• Save Money on Your Summer Electric Bill By Making Small Changes

    Does Missouri’s hot and humid summer weather have you sweating this month’s electric bill? You’re not alone. Across the state, Missouri Electric Cooperative Member-Owners use air conditioning to drop the humidity and cool the air, but you also worry about how much your air conditioning will cost when your electric bill comes in.

    Air conditioning is a necessity for your family on Missouri’s hottest summer days, so your Cooperatives are here to tell you how you can save as much money as possible on your summer electric bill without turning off your air. 

    Why Cold Air Escapes Your Home

    Air temperature naturally wants to balance itself out. That’s why frigid air rushes into your house when you open your back door in the winter, and it’s why cold air escapes your home when that same door is opened in the summer.

    The bigger the difference is between inside and outside temperatures, the faster the air moves. The faster the air moves, the less efficient your cooling system becomes. The U.S. Department of Energy website explains that the reverse is also true: the less difference there is between inside and outside temperatures, the more efficient your air conditioning will be.

    “A higher interior temperature will slow the flow of heat into your house, saving energy on air conditioning,” according to the Department’s website.

    Turning your thermostat up just a little bit can make your home noticeably more energy efficient. Boone Electric Cooperative says that turning it up just one degree can save eight percent on your electric, but he higher you can comfortably keep your thermostat set during the summer, the more cost savings your family will see (source).

    Close the Gap Between Indoor & Outdoor Temperatures

    The Department of Energy recommends that you keep your indoor temperature as close as you can to outside temperatures. It also recommends that you set your thermostat to different temperatures when you’re home and away:

    “Set your programmable thermostat as high as is comfortable in the summer and raise the setpoint when you’re sleeping or away from home,” the Department explains. “…the smaller the difference between the indoor and outdoor temperatures, the lower your overall cooling bill will be (source).”

    Missouri’s summertime heat and humidity can feel miserable, but opening your monthly electric bill doesn’t have to feel the same way. Follow these energy efficiency tips to save money on your summer electric bill, and learn more about how Missouri’s Electric Cooperatives work to provide safe, efficient energy to rural Missouri by following us on Facebook, Twitter, YouTube, and Instagram.

  • Missouri Member-Owners’ Peak Load

    Your Missouri Electric Cooperatives work every day to provide you with affordable, reliable electric power. To do that, we embrace a diverse power supply that includes coal, natural gas, wind, solar, and hydroelectric power.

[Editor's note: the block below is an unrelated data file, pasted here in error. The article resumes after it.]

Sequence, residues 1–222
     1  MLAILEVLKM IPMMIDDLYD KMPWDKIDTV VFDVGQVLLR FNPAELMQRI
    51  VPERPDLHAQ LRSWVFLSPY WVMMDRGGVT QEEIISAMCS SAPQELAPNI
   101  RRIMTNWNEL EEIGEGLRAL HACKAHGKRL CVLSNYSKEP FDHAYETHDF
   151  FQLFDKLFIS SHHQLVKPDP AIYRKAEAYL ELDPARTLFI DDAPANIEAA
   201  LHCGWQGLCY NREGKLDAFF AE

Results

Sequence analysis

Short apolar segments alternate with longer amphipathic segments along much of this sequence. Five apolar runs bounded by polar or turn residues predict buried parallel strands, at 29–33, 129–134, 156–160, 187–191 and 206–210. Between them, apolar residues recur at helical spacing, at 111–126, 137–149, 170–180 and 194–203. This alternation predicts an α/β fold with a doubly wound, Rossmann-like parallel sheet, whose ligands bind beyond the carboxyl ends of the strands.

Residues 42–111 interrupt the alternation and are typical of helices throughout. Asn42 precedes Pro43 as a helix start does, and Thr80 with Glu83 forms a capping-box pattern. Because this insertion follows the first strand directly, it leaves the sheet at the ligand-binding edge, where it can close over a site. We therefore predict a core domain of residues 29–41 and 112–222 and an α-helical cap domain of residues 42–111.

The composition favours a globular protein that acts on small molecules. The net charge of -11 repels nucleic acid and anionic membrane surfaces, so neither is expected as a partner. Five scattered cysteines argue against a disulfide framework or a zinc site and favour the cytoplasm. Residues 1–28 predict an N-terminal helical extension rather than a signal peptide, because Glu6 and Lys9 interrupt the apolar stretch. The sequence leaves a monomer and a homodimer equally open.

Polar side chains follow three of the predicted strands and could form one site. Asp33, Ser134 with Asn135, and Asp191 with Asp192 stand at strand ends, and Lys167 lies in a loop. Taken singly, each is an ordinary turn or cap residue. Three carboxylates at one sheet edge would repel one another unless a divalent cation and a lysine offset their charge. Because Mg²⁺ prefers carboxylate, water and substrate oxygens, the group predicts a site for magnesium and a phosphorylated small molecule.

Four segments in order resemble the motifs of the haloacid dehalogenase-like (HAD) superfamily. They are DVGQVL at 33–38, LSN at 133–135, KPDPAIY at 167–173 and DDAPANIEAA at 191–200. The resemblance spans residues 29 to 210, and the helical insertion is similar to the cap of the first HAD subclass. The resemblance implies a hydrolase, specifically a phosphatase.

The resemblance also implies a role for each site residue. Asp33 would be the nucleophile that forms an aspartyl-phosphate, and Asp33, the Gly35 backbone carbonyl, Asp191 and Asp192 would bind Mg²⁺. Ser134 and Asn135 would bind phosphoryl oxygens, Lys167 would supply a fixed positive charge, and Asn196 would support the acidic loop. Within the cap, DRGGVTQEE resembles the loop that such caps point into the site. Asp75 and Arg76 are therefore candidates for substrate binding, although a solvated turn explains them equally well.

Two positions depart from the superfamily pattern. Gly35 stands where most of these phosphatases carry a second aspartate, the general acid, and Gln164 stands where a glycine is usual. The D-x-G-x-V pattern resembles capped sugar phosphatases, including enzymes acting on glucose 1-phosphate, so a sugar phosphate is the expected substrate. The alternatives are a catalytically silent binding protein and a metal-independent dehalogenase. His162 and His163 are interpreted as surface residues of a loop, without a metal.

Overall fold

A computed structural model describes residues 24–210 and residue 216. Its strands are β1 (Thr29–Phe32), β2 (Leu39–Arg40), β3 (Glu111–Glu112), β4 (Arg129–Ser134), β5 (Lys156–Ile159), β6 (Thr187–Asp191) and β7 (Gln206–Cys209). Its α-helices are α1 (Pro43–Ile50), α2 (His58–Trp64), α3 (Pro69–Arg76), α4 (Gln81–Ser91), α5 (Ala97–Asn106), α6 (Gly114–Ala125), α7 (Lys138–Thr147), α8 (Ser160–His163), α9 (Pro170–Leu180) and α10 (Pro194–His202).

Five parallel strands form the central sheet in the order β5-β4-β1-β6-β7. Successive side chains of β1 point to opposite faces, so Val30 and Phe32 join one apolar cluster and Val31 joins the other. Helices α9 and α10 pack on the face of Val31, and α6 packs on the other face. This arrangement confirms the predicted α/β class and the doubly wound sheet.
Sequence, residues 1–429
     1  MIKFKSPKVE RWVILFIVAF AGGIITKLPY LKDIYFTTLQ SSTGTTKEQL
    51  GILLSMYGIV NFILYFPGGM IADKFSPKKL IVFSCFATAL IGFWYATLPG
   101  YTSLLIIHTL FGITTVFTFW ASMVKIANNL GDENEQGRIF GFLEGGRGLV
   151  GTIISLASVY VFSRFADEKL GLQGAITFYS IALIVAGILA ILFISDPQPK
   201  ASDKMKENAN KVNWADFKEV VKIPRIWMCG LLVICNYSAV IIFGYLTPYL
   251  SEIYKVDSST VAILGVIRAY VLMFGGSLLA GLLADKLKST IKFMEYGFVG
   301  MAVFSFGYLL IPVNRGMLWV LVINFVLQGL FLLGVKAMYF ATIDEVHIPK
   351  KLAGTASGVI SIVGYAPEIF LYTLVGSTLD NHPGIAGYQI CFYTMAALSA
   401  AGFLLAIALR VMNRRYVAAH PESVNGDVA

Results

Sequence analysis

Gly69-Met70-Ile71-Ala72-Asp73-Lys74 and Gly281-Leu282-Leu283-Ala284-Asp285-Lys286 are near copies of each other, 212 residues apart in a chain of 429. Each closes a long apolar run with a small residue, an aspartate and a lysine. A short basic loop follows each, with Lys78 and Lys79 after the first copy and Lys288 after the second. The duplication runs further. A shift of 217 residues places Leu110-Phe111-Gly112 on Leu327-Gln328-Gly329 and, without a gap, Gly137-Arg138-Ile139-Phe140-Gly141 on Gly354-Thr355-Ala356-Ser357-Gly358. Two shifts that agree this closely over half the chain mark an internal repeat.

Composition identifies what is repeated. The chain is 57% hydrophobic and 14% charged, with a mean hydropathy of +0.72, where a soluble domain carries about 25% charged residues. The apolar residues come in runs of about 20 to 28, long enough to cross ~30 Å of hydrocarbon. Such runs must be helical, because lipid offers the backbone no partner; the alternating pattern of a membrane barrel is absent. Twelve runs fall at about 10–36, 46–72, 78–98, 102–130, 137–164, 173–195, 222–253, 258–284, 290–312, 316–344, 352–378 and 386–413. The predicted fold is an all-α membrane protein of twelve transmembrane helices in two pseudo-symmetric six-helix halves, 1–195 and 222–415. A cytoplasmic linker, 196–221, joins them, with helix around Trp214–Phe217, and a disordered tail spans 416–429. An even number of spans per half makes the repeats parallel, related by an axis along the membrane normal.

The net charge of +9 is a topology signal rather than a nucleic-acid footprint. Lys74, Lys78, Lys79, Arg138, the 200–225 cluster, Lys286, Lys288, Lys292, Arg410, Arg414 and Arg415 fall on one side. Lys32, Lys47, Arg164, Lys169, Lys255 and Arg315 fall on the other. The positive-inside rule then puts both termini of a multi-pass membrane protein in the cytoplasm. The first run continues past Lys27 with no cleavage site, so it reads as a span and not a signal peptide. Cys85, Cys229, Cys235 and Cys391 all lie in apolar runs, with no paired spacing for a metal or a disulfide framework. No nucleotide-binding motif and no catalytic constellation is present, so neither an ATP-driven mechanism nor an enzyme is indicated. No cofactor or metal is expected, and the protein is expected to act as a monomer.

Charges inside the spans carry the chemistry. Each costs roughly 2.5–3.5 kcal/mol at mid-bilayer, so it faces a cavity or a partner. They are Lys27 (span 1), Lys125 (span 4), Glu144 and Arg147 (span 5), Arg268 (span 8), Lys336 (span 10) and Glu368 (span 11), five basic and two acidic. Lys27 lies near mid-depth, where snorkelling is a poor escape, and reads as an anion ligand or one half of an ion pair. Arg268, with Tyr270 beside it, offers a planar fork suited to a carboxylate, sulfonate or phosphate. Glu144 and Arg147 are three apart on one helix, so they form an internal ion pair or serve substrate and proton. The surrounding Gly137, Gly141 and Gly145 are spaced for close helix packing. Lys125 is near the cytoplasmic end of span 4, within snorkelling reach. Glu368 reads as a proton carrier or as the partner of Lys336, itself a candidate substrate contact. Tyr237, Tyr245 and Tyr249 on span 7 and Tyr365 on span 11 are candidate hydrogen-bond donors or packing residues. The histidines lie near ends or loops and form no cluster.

Nearly 70% of your Cooperative’s energy comes from baseload resources like coal and gas, but Missouri’s Electric Cooperatives rely on clean energy sources, too. In fact, it’s that diversity of baseload and clean energy sources that makes it possible for us to provide you with the safe, reliable, and affordable energy you’ve come to expect from us.

    You see, when we talk about how solar, wind, and hydroelectric power help diversify our power supply, we can’t ignore the fact that the energy from a solar array or wind turbine doesn’t coincide with the times of the day when you, our Member-Owners, need the most electricity.

    The times of the day when you use the most electricity are called your peak load. Across the state, our Member-Owners are “on peak” during the hottest and coldest summer and winter months at the hours of the day when your families are home from school and work.

    Summer Peak Load
    Missouri’s peak summer load occurs during the hottest months of the year: June, July, and August. During those months, Missourians are “on peak” from about 2:00 p.m. through around 10:00 p.m. These are the hottest hours of the day during the hottest months of the year, so it’s not surprising that you and your family are among thousands of Member-Owners who crank up the A/C (and use a lot of electricity) to stay cool.

    Winter Peak Load
    Missouri’s peak winter load comes during the coldest months of the year: December, January, and February. Each day, Missouri Member-Owners like you reach your peak electric usage early in the morning and late in the evening. Specifically, Missouri is “on peak” in the winter from about 7:00 a.m. to 10:00 a.m. and again from about 7:00 p.m. to 9:00 p.m.

    Your Missouri Electric Cooperatives know that reliable, affordable energy — especially on the hottest summer afternoons and the coldest winter mornings and nights — is your highest priority. But we also know that there’s value in renewable energy sources like wind, solar, and hydroelectric power.